Wednesday, November 7, 2007

BookThoughts: The Time Traveler's Wife

My book club is reading The Time Traveler's Wife, by Audrey Niffenegger, for our next meeting, which is on Sunday. I started listening to the audiobook on Monday, but I think I am going to make it; as of today I'm about halfway through. So far it is an entertaining read, but I do think it is flawed in a few places.

I suppose my main issue with the book is that I'm not sure about the relationship between the two main characters, Henry and Clare. They are the titular time traveler and his wife, and their story is an odd one. Henry has a rare genetic defect that causes him to spontaneously time travel, jumping through time with no control over where/when he will end up, and no idea of how long it will take him to dissolve back into his present. These trips in time begin with him appearing, totally naked, in surroundings that may or may not be familier to him. Henry finds himself having to hide, pickpocket, brawl, or run from unfriendly strangers on a regular basis.

Sometimes he meets his past-self on these trips. In one scene, a present Henry, aged 15, and a Henry from 3 months in the future meet, and engage in what the author describes as "inflagrante delicto," which, Henry tells the reader, is something everybody would take the opportunity to do, if only they could.'s a given that every person, if given the opportunity to do so, would bone him or herself? Really? Because that is sooo not the first thing that comes to my mind when I contemplate the possibility of meeting a future version of myself. Would it be considered masterbation? Incest? Does it indicate one might be homosexual? It's a weird thing to consider.

Aaaanyway, the relationship between Henry and Clare. Right. It's difficult to summarize concisely, so this might be a little confusing, but I'll give it a shot. Basically, beginning when she is 6, up until she is 18, Clare is visited, as a girl, by a much older, time displaced Henry. A Henry who, in his present, is already married to Clare. In real time, Henry is 8 years older than Clare--he meets for the first time when she is 20 and he is 28. However, she meets him for the first time when she is 6, and he is in his thirties. Henry becomes a fixture of Clare's childhood: they have a secret meeting place where she leaves clothes and food for him, he helps her with her homework and teaches her French. He plays with her. He gives her a list of dates that describe when he will appear in her time. As she grows up into a young woman, Clare falls in love with Henry and tries with increasing determination to get him to have sex with her. He refuses...until she is 18. When she finally meets him in real time, he is obviously very confused; her childhood is filled with memories of him, and he has never seen her before.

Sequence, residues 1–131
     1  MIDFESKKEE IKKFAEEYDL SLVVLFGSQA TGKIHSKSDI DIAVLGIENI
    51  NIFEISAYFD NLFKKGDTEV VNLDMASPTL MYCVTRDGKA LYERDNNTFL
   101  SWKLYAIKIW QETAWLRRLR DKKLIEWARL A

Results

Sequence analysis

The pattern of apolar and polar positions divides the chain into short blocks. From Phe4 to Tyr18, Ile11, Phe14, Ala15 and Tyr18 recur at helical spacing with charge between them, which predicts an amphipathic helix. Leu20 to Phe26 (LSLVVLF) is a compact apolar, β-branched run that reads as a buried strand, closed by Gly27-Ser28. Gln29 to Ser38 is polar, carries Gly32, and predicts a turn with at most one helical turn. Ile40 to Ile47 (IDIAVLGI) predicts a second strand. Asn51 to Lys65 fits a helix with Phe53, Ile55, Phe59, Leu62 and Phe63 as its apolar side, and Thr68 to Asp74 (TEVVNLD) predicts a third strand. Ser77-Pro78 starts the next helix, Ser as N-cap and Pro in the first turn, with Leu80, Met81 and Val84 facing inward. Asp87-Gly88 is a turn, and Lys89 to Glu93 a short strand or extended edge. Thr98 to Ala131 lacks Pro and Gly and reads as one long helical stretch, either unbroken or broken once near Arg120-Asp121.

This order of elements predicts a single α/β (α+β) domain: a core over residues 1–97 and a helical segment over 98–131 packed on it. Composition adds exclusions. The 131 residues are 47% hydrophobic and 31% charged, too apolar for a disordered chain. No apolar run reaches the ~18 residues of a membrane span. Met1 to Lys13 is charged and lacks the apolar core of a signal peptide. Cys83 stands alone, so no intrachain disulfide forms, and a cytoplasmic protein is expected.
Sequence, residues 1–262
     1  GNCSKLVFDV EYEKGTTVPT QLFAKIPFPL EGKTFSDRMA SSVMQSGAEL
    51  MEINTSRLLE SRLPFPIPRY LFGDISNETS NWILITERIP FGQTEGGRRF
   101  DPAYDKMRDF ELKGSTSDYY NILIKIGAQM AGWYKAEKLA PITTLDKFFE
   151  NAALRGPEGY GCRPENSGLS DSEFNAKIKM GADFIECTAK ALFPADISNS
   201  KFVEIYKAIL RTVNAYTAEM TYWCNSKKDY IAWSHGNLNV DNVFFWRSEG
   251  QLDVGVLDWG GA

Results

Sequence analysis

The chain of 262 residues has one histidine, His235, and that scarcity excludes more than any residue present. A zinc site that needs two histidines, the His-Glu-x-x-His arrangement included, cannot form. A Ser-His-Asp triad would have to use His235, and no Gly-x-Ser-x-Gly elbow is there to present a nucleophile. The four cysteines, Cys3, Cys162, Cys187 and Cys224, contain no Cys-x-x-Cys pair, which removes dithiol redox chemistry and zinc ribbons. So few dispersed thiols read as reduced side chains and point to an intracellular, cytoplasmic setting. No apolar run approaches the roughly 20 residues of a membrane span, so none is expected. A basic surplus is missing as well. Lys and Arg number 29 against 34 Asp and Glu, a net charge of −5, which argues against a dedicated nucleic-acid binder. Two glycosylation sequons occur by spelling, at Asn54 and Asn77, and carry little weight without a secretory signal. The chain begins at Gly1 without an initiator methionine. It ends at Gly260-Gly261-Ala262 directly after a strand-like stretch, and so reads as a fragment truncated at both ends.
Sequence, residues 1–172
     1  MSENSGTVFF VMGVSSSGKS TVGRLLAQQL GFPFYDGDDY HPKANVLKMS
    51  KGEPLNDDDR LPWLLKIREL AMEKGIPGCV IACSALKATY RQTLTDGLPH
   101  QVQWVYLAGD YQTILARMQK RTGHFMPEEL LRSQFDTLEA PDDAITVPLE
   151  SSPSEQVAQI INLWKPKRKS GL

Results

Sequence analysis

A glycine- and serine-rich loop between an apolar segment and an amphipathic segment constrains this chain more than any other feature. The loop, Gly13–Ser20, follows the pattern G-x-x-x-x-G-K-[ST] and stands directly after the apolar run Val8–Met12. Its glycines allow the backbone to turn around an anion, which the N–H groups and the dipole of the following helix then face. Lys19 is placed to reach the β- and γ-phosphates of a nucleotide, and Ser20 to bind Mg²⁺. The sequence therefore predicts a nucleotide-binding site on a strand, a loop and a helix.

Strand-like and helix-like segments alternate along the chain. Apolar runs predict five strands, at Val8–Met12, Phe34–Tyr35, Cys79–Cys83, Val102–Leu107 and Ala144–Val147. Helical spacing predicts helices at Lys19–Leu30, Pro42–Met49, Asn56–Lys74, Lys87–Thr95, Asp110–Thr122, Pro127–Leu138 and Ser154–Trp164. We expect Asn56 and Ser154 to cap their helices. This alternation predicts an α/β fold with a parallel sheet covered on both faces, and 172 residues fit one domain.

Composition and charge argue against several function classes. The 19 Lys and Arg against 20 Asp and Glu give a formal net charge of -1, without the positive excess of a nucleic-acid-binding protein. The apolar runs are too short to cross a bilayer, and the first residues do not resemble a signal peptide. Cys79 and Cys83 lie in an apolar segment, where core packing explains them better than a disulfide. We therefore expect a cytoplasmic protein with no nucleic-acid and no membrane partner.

My feelings of unease about this story are difficult to condense into words. I guess "creeped out" says it best. I think what the author is trying to get at is that the souls of these two people are so entwined, the number of years between them is irrelevant. I have to wonder though, would you really be able to fall in love with someone you met at age 6, who essentially played a part in raising you? There is a scene in the book, where Clare is 13 and Henry is 36 or so, and Henry momentarily loses track of how old Clare is. He has trouble distinguishing her from the Clare of his present, his 28 year old wife. It's certainly an interesting premise for a story, but I think the author misses by making Clare's early relationship with Henry too comfortable.

Another problem I have is that it feels to me that Henry is always in a position of dominance and "I know best" condescension over Clare. Her love for him constantly takes the form of submissive patience and deference. I feel that this is a miss as well. Clare grows up to be an artist, fashioning huge sculptures out of paper, and I have a hard time believing that a woman with the imagination and fire it takes to be an artist would behave so meekly. It's as though she is forever taking the role of the little girl, and he the much older man in the meadow. I dislike the idea of him "grooming" her to be the perfect little wifey for him, although I don't know if that is an intentional implication.

Anyway, I still have a lot to go, so maybe the dynamics of the characters will change somewhat as they get older. As I said, it is an entertaining story, and some of the scenes the author sets up are quite clever and funny. At any rate, I think we can definitely have an interesting discussion about it, which is the important thing, I guess.

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